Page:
“Sloppy” is too kind a word for the analyses that underlie the Environmental Protection Agency’s new regulations for particulate matter — 2.5 micron airborne particles of dust roughly 30 times smaller than the width of a human hair. The expected impact of the regulations can only be described as “life‐threatening.” In November, the Environmental Protection Agency (EPA) claimed that its proposed regulations would prevent 40,000 air‐pollution‐associated deaths annually. The agency later retreated, lowering their figure to 20,000. Now the agency says the number should be 15,000. Their estimate is still vastly overstated.
The EPA’s gaffe would have embarrassed a first‐year science student. The agency confused the median and mean of measured particulate matter concentrations. Based on that mistake, the EPA set 15 micrograms of particulate matter per cubic meter of air as its regulatory target. In correcting its mistake, the EPA acknowledges that the target should be higher.
In a recent report released by Citizens for a Sound Economy Foundation, we calculated that correct number is about 19 micrograms. Knowing that, the way to calculate the benefits from the proposed regulations is to examine the number of people currently exposed to particulate matter levels of 19 micrograms and greater and multiply that number by the EPA’s estimates of the increased mortality rate faced by those people. Currently, 10 U.S. urban areas with a total population of 20 million people have particulate matter levels greater than 18.75 micrograms. If the EPA’s estimate of increased mortality from those exposures is correct, its particulate matter regulation would save 840 deaths a year.
[Regulatory] burdens reduce disposable income, and mortality rates go up as disposable income goes down. Put simply, “wealthier is healthier.”
In fact, the risk is likely lower. No biologically plausible mechanism exists to explain how particulate matter, at current concentrations, contributes to mortality. In the absence of any information about possible toxic mechanisms, the EPA relies upon a statistical inference that includes not a single measurement of an individual’s particulate matter exposure. It is conceivable that the risk is zero at current exposures, and it is certain that particulate matter levels will continue to fall — as they have been for years — because of the modernization of American industry.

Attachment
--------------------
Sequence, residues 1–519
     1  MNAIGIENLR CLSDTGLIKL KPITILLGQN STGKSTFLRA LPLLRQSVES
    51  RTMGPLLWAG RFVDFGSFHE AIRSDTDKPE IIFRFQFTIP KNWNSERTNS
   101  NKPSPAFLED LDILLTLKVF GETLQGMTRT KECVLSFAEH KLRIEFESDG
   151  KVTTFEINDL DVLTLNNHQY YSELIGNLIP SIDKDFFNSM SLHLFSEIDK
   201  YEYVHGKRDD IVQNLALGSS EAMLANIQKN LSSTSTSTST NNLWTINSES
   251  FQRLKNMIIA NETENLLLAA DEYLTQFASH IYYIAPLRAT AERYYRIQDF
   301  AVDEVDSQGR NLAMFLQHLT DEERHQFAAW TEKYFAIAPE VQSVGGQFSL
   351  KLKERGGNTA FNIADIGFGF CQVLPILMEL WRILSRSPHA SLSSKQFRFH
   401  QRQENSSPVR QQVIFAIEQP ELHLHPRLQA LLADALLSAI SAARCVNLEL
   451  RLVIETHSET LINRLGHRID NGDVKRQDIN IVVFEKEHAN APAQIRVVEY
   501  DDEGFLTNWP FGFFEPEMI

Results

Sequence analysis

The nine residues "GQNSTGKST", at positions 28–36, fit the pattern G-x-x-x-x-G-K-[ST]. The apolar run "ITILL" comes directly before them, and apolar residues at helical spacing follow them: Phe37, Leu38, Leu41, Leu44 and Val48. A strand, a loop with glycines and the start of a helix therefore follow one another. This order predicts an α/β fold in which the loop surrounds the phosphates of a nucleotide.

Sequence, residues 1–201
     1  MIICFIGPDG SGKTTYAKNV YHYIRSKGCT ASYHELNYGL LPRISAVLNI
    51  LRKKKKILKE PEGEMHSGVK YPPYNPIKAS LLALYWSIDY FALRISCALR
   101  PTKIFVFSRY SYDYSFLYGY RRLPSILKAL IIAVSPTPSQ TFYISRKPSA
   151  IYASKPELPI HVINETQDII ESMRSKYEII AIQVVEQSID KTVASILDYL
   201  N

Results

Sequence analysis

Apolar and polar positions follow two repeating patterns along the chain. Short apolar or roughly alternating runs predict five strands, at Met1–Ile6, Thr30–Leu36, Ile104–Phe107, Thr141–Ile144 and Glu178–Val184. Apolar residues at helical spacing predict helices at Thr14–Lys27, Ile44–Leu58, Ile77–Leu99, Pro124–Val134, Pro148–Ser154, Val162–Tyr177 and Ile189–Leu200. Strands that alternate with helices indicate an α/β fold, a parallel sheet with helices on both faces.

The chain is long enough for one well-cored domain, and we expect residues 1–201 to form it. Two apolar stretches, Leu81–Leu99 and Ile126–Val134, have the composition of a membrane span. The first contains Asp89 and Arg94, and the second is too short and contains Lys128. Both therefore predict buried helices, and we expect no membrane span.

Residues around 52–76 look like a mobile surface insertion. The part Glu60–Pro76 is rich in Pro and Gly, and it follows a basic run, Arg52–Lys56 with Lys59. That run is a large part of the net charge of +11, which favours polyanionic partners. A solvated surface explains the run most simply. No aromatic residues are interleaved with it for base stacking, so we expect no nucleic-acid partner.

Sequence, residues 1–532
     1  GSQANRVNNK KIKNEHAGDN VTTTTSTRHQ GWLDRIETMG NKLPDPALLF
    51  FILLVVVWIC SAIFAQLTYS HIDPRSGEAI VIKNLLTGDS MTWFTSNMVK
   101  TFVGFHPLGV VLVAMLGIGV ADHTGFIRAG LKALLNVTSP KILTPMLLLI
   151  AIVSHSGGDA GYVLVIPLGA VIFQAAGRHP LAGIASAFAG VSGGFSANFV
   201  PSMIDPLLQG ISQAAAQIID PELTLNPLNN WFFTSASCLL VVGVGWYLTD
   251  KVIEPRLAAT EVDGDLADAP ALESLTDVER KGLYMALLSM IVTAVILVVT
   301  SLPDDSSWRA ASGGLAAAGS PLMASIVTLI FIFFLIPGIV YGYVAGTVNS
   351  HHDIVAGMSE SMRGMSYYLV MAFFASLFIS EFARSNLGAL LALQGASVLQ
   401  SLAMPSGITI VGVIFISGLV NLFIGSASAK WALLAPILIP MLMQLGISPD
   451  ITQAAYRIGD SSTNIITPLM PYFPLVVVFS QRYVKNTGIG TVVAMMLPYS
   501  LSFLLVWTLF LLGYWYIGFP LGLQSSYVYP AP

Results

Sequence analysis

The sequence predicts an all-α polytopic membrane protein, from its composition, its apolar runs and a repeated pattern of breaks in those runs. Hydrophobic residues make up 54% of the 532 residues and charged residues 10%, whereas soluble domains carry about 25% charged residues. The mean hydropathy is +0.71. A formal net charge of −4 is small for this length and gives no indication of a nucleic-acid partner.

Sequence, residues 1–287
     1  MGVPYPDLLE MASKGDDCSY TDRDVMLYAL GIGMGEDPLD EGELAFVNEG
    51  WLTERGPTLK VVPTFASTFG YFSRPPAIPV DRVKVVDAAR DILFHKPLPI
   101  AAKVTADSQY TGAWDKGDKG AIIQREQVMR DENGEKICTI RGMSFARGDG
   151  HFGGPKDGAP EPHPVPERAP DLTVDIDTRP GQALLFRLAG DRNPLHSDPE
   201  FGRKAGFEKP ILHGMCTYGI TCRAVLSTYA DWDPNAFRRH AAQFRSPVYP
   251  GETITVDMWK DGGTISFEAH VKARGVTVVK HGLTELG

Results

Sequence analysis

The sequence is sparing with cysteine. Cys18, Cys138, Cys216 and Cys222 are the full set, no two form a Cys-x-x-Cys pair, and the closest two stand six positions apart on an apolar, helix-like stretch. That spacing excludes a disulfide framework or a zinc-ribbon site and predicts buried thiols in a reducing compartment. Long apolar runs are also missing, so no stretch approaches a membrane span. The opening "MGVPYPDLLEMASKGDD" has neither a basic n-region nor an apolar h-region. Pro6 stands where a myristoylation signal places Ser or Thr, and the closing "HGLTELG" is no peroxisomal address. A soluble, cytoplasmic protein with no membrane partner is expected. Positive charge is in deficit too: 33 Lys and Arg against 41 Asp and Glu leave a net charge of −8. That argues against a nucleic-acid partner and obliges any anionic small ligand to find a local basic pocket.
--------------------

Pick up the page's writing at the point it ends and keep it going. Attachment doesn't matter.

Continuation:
Few if any benefits can be expected from the proposed regulation.
In contrast, the costs are high, especially when the costs are measured in lives. Many economists have pioneered analyses that demonstrate regulatory costs include deaths. Individuals bear the costs of regulations through higher taxes and higher costs. Those burdens reduce disposable income, and mortality rates go up as disposable income goes down. Put simply, “wealthier is healthier.”
The EPA estimates that its regulation would cost $7.5 billion annually, and Keeney and Kenneth Green of the Reason Public Policy Institute have calculated that 1,650 regulation-“induced fatalities” would be the result. The greatest impact would be on less wealthy people. They calculate 940 deaths among those earning less than $15,000 annually, 540 among those earning $15,000-$35,000 and 170 among those earning more than $35,000.
Economist Anne E. Smith of Decision Focus, a California consulting firm, disagrees with the EPA’s cost estimate (as do many other individuals and organizations). She calculates the costs would be between $90 billion and $150 billion. Those costs translate into 27,000 induced fatalities each year, with the majority of deaths occurring among the less wealthy.
The lowest estimate of the number of induced fatalities to be expected from the particulate matter regulation — 1,640 — is just about double the number of lives, 840, that would be “saved” by the regulation. As the costs go higher, the discrepancy will widen. In the absence of any biologically plausible explanation for an association between particulate matter and mortality, the estimated number of lives saved must be viewed with skepticism.
Mary Nichols, the EPA assistant administrator for air and radiation, told Chemical and Engineering News that the proposed regulations show “we care.” What’s caring about wasteful spending that costs lives? Made aware of the tiny benefits and huge costs of their proposed regulation, Nichols and her EPA colleagues should question their march toward regulations. They probably won’t.
Either Congress forces that question, or we face a future with high costs and regulation‐caused deaths.